When things don’t work out well
Discrimination against people with disabilities remains one of the greatest human rights issues of our time.
A recent review of international and European Union legal sources on the prohibition of disability discrimination has revealed that an overwhelming advancement in the field has been made through the adoption or amendments of relevant international and European legal instruments on human rights and non-discrimination, as well as through a developing case law and academic scholarship related to these instruments.
Finding out the exact number of physicians who identify as “disabled” might be an essential first step for proactively confronting disability-related barriers affecting patients, but might lead to substantial challenges.
As we know, the reluctance to disclose disability as a doctor means that accurate data on the prevalence of disability amongst doctors is difficult, if not impossible to obtain.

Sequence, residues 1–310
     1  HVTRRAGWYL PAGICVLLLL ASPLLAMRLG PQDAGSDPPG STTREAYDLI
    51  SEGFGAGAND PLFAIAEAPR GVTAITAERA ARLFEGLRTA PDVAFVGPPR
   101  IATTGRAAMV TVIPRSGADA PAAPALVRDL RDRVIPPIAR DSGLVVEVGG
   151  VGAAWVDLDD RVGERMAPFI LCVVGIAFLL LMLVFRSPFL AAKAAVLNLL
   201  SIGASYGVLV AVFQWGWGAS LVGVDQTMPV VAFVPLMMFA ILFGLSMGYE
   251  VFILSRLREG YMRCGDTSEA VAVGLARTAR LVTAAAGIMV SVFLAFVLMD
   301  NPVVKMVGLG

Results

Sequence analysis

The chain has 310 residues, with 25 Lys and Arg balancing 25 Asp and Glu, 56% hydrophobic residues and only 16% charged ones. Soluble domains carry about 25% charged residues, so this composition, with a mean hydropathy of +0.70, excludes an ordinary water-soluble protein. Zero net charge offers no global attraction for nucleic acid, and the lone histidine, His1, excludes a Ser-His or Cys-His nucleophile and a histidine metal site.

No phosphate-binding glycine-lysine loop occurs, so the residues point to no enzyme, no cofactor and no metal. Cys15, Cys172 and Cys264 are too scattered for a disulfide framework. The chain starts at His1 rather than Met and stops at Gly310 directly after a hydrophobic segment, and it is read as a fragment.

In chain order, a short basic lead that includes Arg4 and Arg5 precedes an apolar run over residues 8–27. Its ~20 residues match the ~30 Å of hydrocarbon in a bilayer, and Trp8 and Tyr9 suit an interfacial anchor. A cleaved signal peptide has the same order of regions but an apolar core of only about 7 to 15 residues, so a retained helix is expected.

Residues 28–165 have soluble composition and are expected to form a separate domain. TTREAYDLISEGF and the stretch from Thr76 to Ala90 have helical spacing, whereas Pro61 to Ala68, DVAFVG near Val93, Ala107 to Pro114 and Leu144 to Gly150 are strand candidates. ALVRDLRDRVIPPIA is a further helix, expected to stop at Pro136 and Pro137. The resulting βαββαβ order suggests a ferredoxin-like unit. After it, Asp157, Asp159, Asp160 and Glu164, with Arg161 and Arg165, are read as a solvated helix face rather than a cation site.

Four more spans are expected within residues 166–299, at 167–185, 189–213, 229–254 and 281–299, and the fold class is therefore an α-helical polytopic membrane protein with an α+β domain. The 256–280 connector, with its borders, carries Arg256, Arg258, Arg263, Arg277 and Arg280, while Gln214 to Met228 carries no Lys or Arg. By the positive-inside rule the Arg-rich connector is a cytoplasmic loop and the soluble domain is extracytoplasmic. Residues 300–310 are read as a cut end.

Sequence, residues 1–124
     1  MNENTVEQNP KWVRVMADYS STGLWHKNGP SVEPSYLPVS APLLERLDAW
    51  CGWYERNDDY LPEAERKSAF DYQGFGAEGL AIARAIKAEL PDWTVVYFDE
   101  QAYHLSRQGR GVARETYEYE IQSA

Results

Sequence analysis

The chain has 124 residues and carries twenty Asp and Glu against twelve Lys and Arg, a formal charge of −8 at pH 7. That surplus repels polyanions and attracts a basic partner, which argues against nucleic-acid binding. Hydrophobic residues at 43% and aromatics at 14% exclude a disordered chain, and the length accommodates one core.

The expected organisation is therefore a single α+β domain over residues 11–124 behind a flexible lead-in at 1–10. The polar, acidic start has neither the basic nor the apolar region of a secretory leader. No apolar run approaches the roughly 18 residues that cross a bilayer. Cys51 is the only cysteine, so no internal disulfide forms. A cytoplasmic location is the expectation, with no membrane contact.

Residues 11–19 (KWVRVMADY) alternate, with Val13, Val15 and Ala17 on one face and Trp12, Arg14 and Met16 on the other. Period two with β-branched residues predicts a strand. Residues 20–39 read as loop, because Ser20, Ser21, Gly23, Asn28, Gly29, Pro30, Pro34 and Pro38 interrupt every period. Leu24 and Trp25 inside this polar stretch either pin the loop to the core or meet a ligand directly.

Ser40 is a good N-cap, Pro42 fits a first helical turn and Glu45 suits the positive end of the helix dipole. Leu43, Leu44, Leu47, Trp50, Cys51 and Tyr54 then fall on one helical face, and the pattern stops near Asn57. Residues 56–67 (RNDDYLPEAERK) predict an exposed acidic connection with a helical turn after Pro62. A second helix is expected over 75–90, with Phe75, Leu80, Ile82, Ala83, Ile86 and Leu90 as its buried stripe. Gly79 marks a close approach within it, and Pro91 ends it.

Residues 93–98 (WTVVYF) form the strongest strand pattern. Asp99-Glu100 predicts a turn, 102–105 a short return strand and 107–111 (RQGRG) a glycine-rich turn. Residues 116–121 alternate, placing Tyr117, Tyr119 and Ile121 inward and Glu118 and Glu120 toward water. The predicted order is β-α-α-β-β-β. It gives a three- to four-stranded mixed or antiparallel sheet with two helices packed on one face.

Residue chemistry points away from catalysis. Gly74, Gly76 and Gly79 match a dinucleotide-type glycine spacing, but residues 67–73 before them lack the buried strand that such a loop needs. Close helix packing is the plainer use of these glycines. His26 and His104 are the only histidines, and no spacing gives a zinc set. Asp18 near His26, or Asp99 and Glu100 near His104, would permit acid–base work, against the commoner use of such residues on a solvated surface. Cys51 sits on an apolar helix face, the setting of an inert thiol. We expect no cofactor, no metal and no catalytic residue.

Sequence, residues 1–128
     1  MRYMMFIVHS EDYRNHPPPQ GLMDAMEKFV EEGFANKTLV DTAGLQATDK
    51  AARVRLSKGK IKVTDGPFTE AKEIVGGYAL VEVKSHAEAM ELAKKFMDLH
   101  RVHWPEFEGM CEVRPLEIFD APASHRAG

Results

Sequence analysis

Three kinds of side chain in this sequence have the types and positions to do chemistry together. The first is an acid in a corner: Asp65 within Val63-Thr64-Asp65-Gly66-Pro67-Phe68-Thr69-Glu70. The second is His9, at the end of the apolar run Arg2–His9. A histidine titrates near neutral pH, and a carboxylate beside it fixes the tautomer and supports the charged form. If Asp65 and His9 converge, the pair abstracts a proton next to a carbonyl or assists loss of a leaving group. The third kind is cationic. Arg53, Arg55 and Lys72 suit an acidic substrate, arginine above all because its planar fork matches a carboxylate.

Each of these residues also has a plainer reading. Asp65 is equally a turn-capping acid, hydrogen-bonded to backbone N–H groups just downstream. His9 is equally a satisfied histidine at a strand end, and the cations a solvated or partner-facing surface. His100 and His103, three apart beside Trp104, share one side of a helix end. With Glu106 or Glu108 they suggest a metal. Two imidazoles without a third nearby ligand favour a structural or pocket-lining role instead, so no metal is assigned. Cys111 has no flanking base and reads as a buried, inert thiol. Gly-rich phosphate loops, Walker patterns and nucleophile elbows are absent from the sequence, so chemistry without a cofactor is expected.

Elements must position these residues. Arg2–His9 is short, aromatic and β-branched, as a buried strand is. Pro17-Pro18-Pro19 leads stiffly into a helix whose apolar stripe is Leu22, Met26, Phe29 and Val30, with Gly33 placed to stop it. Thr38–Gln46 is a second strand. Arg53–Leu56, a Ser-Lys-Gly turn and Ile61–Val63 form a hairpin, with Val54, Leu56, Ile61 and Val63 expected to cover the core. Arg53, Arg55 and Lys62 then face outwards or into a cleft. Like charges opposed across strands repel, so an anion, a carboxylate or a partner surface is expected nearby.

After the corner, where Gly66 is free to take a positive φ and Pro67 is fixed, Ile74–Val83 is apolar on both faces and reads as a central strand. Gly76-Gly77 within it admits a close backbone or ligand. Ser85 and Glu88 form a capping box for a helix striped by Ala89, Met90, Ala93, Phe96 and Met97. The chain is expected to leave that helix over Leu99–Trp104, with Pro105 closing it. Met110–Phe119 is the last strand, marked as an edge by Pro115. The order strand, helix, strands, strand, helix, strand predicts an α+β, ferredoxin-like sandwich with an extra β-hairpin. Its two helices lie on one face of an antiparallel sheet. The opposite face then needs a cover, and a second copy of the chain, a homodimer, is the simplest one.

Direct discrimination (section 13 Equality Act [2010) is when you are treated worse than another person or other people because:
- you have a protected characteristic
- someone thinks you have that “protected characteristic” (known as discrimination by perception)
- you are connected to someone with that “protected characteristic” (known as discrimination by association).
Your circumstances must be similar enough to the circumstances of the person being treated better for a valid comparison to be made.